> Sent: Thu, Apr 22, 2010 8:14 am
        > Subject: Re: [medieval-leather] Sheath construction. ..
        >
        > Another source is (Medieval Finds from Excavations in London:1) "Knives and
        > Scabbards", by J. Cowgill, M. deNeergaard and N. Griffiths. 1987 Museum of
        > London series.
        > ISBN: 0-11-290440.
        > I found it to be very helpful on a few sheaths and scabbards I have done
        > for others. Some are in remarkably good shape and show how intricately
        > decorated these scabbards were.
        >
        > YIS, and in leather,
        >
        > konr
        > Stagsgate, Meridies (used to be from An Tir)
        >
        > --- On Thu, 4/22/10, Henry Plouse <ozymandias1951@ yahoo.com> wrote:
        >
        > From: Henry Plouse <ozymandias1951@ yahoo.com>
        > Subject: Re: [medieval-leather] Sheath construction. ..
        > To: medieval-leather@ yahoogroups. com
        > Date: Thursday, April 22, 2010, 12:26 AM
        >
        > Regrettably, we don't have a lot of exemplars left from the period, but in
        > those cases where the materials have been preserved (such as in some of the
        > bog deposits), sheath construction is pretty much the same as modern
        > constructions - that is to say that there is a shaped wood core usually with
        > a leather or hide wrap. It also appears that the inside of the sheath may
        > also have had a shearling lining - the fur/wool prevents moisture on the
        > blade and the lanolin likewise protects the blade. Early blades hung from a
        > scabbard slide and that style persisted throughout the Migration Period and
        > into the Viking Period, before being displaced by other styles. Some of the
        > Eastern groups (Goths, Gepids and the early Rus) probably adopted the
        > Sassanian Persian style with two attached ring mounts on the upper side of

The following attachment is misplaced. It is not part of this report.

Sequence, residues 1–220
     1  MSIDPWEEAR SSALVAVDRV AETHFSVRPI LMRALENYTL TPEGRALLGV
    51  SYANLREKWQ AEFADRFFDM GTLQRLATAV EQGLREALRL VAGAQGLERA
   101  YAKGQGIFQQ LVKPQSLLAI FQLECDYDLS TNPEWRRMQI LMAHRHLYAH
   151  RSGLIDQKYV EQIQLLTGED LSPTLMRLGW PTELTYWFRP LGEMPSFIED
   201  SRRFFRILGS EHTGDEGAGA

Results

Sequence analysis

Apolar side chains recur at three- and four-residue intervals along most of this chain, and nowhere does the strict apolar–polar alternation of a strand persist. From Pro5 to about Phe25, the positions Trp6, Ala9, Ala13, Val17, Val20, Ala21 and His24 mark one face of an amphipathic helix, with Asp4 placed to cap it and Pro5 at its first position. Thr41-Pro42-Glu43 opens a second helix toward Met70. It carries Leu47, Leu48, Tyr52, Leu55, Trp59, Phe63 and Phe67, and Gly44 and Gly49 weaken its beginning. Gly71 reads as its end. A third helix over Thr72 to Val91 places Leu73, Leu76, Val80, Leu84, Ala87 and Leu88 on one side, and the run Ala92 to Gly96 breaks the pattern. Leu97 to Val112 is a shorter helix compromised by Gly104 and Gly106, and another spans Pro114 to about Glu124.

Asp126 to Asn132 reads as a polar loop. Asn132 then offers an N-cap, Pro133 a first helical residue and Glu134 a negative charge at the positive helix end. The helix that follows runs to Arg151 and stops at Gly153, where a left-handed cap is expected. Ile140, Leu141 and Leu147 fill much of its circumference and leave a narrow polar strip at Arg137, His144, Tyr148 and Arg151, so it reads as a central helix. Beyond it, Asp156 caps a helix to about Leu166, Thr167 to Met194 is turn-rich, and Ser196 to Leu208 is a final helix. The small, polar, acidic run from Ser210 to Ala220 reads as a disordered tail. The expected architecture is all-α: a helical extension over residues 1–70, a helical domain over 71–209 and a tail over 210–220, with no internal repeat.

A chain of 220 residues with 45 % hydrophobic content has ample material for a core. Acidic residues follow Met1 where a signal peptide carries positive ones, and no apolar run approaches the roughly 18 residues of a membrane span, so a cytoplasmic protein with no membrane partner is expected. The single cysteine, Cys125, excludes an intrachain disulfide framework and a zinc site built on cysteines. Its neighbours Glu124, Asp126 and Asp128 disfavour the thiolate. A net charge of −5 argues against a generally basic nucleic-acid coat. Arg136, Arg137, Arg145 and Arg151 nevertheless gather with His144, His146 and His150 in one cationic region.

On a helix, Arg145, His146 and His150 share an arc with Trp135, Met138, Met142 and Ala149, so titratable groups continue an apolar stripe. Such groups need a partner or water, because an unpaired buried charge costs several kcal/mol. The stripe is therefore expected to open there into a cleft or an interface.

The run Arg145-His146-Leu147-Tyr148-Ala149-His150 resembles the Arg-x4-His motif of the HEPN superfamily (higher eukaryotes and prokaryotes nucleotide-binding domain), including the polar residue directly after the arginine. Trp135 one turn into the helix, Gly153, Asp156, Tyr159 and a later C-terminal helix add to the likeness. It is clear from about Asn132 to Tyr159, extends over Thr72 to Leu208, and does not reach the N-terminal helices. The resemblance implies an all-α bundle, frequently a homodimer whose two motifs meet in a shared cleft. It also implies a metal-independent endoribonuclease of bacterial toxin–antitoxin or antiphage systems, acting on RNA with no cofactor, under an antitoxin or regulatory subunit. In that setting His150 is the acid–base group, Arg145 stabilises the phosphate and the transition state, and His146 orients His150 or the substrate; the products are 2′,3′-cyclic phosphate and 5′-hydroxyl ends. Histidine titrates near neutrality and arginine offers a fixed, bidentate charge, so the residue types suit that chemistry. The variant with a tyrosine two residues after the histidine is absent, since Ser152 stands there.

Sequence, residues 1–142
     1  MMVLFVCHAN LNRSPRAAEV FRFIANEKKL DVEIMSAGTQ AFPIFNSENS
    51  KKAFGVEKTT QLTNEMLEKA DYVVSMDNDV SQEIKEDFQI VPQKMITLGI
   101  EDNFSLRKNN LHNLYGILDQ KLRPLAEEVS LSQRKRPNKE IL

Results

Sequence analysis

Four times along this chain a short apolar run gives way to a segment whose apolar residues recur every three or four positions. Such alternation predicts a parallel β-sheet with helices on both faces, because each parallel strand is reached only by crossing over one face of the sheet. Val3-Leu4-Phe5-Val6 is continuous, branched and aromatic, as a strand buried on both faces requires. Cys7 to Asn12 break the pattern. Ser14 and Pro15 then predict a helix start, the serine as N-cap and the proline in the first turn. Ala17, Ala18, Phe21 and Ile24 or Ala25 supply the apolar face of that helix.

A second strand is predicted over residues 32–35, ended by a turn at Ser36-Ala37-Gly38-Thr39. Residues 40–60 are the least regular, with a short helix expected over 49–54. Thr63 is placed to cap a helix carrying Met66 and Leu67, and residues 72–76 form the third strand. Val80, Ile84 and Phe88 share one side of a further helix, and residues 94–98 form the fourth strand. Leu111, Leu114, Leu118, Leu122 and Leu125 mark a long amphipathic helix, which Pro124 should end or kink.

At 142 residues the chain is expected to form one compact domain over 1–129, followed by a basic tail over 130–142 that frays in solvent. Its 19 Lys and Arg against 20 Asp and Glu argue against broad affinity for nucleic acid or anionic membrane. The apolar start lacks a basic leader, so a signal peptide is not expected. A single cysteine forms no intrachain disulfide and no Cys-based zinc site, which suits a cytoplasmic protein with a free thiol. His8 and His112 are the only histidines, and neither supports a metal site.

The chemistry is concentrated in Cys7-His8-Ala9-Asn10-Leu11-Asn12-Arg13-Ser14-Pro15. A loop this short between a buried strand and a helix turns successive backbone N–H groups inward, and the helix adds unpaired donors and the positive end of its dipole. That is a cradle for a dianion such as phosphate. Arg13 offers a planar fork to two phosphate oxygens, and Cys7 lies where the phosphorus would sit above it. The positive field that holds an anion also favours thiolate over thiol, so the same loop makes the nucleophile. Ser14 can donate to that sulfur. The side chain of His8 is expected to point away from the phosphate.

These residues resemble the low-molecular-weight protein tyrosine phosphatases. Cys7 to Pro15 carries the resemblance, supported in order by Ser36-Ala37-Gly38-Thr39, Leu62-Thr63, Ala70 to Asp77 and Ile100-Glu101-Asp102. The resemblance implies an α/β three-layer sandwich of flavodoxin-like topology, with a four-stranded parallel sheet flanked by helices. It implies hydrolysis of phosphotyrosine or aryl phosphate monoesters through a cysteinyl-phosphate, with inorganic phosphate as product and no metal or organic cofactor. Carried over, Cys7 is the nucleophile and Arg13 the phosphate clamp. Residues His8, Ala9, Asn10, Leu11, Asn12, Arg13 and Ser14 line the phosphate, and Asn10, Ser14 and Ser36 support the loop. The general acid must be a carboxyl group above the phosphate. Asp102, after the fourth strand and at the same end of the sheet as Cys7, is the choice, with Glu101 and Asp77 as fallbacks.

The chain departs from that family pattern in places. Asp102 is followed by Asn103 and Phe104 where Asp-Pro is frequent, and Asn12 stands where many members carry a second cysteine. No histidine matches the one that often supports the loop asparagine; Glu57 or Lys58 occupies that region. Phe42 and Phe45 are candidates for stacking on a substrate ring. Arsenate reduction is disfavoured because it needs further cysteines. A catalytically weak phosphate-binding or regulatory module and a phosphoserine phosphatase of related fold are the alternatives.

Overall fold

> the scabbard from which the scabbard would hang from the belt. To judge from
        > finds like Nydam, Sutton Hoo, and the Staffordshire Hoard, metal
        > furniture was common - throat, chape, and one or more reinforcing rings,
        > along with purely decorative elements (highly decorative, to judge from the
        > Staffordshire finds). The scabbard slide could be metal, bone, wood, ivory,
        > etc. A good source for SOME of that furniture (chapes and slides) is
        > Mercia-Sveiter. I've found it almost impossible to find pre-cast throat
        > pieces, but you can probably fabricate it from sheet brass or bronze.
        >
        > Hope that helps.
        >
        > YOS,
        > ALRIC (Glyn Dwfn/An Tir)
        >
        > ____________ _________ _________ __
        > From: Michael Parker <ArchAngel13@ gmail.com>
        > To: medieval-leather@ yahoogroups. com
        > Sent: Wed, April 21, 2010 5:44:15 PM
        > Subject: [medieval-leather] Sheath construction. ..
        >
        > Greetings all,
        >
        > I have a question or three for those with much more specialized
        > knowledge than I. I make knives primarily replicating Scandinavian
        > and Anglo Saxon blades from roughly 500AD - 1200AD and would like to
        > make my scabbards more historically accurate.
        >
        > Question one: Does anyone have any resources they can pass on
        > regarding the proper design and construction methods for this region
        > and time period?
        >
        > Question two: How would the leather be treated or finished? Were they
        > rubbed with bee's wax to seal them? Anything?
        >
        > Thank you very much for your time,
        > Michael
        > aka Valinn
        >
        > [Non-text portions of this message have been removed]
        >
        > [Non-text portions of this message have been removed]
        >
        > [Non-text portions of this message have been removed]
        >
        > [Non-text portions of this message have been removed]
        >

        >